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Katie Chandler

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Ben Jones

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Andrew Howell

Partner

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23. Oktober 2023

Disputes Quick Read – 6 von 86 Insights

The use of AI in Trial Witness Statements post-PD 57AC

  • Quick read

With significant advancements in the text generation and document processing capabilities of AI tools, questions have been asked about how AI could streamline dispute resolution. Practice Direction 57AC, which came into force in April 2021, has amended how Trial Witness Statements in the Business and Property Courts must be prepared in a bid to reduce both costs and the level of intervention by lawyers in the drafting process. Many statements, it was said, were over-engineered and far too expensive to produce. The PD's overarching aim of maximising witness statement efficiency would appear to be fertile ground for the implementation of AI tools.

Could AI tools be used to draft witness statements? 

The requirement for witness statements to be drafted in the witness 'own words' means that it is unlikely a witness could simply input a series of prompts into an AI tool and pass off the output as their 'own words'. The very nature of generative AI means that it learns from countless sources of written material, combining and condensing into a style definitively not that of any one user. 

Further, PD 57AC's requirement for (i) transparency of the drafting process and (ii) the statement to reflect a witness' own knowledge, calls into question how a court might interpret an AI assisted statement. Automating drafting through AI means an intermediary is inserted between witness and statement, severing the direct link between original testimony and final draft. In so doing, it calls into question if the draft is truly the full and entire recollection of the witness.

On the other hand, the utilisation of an appropriate AI tool in the transcription and editing process could aid drafting significantly. Such a tool might transcribe interviews conducted by the lawyers with the witness before editing the text into a draft witness statement, keeping the text as close to verbatim as possible in order to retain the witness' own words. The end result would still be subject to the usual review by the witness, but this approach could well expedite the process and cut costs – aligning with PD 57AC's primary goal.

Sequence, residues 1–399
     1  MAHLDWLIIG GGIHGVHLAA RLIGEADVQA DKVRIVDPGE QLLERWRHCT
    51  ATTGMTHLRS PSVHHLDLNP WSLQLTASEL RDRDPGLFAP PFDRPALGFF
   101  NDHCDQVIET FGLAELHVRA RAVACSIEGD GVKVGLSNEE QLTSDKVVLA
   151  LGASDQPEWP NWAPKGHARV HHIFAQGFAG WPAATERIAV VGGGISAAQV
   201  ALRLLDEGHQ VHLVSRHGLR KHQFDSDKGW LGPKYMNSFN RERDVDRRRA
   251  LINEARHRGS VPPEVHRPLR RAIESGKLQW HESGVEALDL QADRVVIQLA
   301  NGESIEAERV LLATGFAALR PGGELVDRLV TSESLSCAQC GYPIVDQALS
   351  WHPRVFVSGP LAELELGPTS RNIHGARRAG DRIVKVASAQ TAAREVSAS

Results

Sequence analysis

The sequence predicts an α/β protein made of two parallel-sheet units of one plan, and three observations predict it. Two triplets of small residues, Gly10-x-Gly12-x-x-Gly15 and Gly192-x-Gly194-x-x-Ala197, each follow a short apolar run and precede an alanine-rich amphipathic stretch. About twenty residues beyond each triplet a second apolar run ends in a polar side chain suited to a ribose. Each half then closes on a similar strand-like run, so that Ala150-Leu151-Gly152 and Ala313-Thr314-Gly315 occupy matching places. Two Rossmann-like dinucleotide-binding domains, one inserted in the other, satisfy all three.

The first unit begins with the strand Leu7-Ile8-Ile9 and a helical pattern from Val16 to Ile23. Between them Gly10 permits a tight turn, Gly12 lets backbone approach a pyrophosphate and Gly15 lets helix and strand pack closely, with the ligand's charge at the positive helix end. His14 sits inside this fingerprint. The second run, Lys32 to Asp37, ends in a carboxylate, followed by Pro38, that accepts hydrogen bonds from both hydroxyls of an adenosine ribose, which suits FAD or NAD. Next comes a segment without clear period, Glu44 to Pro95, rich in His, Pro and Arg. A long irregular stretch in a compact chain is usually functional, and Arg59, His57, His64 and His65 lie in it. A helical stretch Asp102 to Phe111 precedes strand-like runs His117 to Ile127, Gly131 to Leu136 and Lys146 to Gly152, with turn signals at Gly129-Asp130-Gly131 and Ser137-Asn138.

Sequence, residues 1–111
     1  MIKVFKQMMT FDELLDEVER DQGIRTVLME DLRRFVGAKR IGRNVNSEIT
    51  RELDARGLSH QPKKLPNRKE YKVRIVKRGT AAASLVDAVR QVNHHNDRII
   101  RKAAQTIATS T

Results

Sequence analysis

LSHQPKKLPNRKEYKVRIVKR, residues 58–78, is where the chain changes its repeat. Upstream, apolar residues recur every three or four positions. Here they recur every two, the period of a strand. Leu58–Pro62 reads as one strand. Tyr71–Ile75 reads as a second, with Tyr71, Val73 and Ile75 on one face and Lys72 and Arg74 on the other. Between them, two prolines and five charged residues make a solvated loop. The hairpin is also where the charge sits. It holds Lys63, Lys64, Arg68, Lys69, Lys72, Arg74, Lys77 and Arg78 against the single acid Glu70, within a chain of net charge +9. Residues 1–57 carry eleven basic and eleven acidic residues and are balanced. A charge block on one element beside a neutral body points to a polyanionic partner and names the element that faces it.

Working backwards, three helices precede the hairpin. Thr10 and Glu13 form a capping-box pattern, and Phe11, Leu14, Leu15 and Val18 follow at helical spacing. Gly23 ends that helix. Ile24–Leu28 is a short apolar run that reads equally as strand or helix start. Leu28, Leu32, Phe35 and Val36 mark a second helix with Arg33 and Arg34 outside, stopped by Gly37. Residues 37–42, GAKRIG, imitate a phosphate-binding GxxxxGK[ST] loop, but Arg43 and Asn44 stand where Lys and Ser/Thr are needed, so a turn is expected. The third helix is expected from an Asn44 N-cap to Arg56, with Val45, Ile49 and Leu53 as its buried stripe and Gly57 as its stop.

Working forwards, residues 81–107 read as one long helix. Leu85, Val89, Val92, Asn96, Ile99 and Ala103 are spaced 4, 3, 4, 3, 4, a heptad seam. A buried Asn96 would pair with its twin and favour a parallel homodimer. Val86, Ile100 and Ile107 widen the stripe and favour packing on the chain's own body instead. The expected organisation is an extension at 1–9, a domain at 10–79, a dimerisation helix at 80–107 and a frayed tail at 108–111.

One could even envisage a process by which AI transcribes the witness' evidence in response to pre-set questions without the need for any review; but that would perhaps lead to a process more akin to that of US depositions – which usually entails greater preparation costs.  

Are there other ways AI tools could be used in the witness statement process? 

  • Automated document preparation – AI tools could be used to collate and chronologise the materials that ought to be put in front of the witness during the drafting process to reduce lawyers' preparation time. However, this use of AI would need to be subject to the usual checks and balances due to risks of both bias and error.
  • Unbiased interview technique – Poor interview practice, for example asking leading questions, can lead to the interviewer's biases and assumptions altering the responses of an interviewee, possibly even contributing to the creation of 'false memories'. AI tools can be used to conduct a 'cognitive interview' – a structured approach to interviewing that adopts a neutral, fact-finding approach.

The reforms in PD 57AC may not naturally lend themselves to easy implementation of AI in a pure drafting sense. There are risks attached to the editing process if the AI tool applies its "learned" language which may differ significantly from the witness' own words and forms of expression - in much the same way as a lawyer 'over-engineering' a statement. That said, there is scope for the use of AI in both transcription and ancillary matters (such as document-collation or structuring interviews), which could still go some way towards cutting costs and improving efficiency. 

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